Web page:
If a loved one recently passed away, you are likely still going through the grieving process. The last thing you may want to think about is probating the decedent’s estate. Someone, however, must oversee the probate of the estate. If you were named in the decedent’s Will as the Executor of the estate, the decedent trusted you to handle his/her estate. If the decedent died in testate (without a Will), you may be the logical choice to handle the administration of the estate. Either way, the Long Island probate attorneys at Eghrari Wealth Training Firm discuss what to expect when navigating the New York probate process.
What Is Probate?
When an individual passes away, they leave behind an estate that is comprised of all the assets owned by the decedent at the time of death, including things such as financial accounts, real property (such as a home), stocks and bonds, vehicles, and valuable collectibles. Ultimately, all those assets will be transferred to the new owners; however, the law requires certain steps to be taken before that happens. Those steps occur during the legal process known as probate.
What to Expect While Navigating the New York Probate Process
Proving the authenticity of the decedent’s Last Will and Testament (if one was left behind) is one of the many steps that must occur during the New York probate process. If someone contests the validity of the Will submitted for probate, that issue must be litigated before probate can move forward. To get probate started, the person named as the Executor in the Will files the original Will and a certified death certificate along with a probate petition in the Surrogate’s Court in the county where the decedent had their primary residence. The decedent’s Will is used to determine how assets are distributed based on the gifts made to beneficiaries under the terms of that Will.
If the decedent died intestate (without a Will), the legal process that eventually distributes estate assets is New York is referred to as “administration.” New York law dictates that the person closest to the decedent should begin the administration process and oversee that process. In an intestate estate administration, the New York intestate succession laws determine how the decedent’s assets are distributed and to whom. Typically, only close relatives (including a spouse) will inherit assets from an intestate estate.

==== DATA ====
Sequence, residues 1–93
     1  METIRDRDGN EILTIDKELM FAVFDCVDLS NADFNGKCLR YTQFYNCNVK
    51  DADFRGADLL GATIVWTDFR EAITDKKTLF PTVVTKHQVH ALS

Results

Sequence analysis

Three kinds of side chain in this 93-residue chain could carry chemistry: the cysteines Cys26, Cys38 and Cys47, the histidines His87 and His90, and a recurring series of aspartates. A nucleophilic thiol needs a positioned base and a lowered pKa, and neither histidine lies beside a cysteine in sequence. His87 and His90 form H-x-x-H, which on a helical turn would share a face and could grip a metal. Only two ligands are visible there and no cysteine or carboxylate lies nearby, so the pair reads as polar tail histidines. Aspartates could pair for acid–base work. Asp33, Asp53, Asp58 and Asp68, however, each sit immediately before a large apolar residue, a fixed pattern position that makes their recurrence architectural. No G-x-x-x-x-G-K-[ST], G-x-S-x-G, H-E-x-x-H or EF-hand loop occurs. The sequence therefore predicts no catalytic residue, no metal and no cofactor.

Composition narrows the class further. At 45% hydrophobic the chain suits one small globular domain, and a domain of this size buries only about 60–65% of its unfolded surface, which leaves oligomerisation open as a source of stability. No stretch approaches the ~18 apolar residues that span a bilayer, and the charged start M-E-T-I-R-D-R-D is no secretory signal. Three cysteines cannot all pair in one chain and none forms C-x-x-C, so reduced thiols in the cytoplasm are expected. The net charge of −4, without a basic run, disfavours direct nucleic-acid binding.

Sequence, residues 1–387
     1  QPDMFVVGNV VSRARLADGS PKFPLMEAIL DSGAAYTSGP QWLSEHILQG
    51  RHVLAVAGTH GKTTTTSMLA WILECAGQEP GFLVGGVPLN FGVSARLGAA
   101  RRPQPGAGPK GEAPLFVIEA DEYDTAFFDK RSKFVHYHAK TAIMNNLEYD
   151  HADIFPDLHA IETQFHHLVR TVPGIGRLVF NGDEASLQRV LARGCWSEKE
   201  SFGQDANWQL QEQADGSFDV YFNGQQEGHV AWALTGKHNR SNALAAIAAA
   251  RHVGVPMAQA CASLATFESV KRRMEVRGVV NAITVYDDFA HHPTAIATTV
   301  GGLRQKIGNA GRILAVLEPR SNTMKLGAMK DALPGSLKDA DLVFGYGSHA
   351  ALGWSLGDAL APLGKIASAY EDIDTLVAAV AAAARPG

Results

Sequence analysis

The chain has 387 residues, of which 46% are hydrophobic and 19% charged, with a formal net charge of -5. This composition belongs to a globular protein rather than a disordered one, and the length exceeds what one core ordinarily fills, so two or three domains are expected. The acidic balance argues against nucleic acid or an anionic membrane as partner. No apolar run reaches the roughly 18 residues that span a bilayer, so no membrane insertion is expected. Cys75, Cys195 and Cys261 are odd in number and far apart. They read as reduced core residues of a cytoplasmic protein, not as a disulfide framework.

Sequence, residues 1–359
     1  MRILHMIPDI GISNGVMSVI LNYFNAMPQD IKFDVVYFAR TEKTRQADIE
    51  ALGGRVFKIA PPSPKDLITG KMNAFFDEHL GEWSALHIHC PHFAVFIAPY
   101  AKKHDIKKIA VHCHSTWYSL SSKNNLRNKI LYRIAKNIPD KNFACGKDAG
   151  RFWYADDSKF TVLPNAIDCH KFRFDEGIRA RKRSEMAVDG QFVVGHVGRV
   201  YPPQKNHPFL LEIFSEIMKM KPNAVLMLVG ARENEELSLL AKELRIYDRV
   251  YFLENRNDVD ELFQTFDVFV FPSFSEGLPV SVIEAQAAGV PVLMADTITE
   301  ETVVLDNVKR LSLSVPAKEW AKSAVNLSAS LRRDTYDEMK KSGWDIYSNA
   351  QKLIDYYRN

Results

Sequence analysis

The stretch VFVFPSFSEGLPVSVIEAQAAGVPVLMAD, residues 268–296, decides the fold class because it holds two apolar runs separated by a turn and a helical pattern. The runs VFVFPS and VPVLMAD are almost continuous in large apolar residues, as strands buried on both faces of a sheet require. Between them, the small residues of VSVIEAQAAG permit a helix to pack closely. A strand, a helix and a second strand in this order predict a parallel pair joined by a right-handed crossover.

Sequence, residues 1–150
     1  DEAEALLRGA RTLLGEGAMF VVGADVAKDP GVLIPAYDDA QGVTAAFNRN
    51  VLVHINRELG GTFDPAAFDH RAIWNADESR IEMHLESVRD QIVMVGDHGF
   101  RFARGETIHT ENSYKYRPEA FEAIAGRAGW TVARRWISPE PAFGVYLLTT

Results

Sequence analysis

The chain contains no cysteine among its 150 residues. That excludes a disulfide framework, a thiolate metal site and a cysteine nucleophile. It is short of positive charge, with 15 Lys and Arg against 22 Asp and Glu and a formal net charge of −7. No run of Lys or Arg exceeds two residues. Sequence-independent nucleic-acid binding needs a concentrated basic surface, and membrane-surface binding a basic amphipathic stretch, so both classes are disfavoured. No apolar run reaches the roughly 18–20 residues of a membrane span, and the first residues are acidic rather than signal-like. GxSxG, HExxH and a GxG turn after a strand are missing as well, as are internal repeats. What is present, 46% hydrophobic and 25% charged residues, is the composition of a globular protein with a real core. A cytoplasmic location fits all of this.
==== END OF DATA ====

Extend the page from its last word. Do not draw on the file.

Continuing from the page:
The next step in the New York probate process is to provide notice to all beneficiaries, heirs, and creditors of the estate that probate is underway. For unknown creditors, you will publish notice in a local newspaper. If you are acting as Executor, you should also take an inventory of estate assets, paying close attention to whether each asset is considered a probate or a non-probate asset. Non-probate assets bypass probate altogether and may be distributed to the beneficiary immediately. Common examples include trust assets, certain types of jointly owned property, and retirement accounts.
Creditor claims must be reviewed and approved or denied. For approved claims, the Executor must pay those claims before assets can be distributed to beneficiaries. Estate taxes, both federal and state, must also be paid using estate assets. If the estate lacks sufficient assets to pay all claims, claims must be paid in order of priority according to New York law. Only when you are certain that all debts of the estate, including taxes and costs related to administering the estate, have been paid can the remaining assets be legally transferred to beneficiaries and/or heirs.
Do You Need Help Navigating New York Probate?
For more information, please join us for an upcoming FREE seminar. If you have additional questions or concerns about navigating the New York probate process, contact the Long Island probate attorneys at Eghrari Wealth Training Firm by calling us at 631-265-0599 to schedule your appointment.
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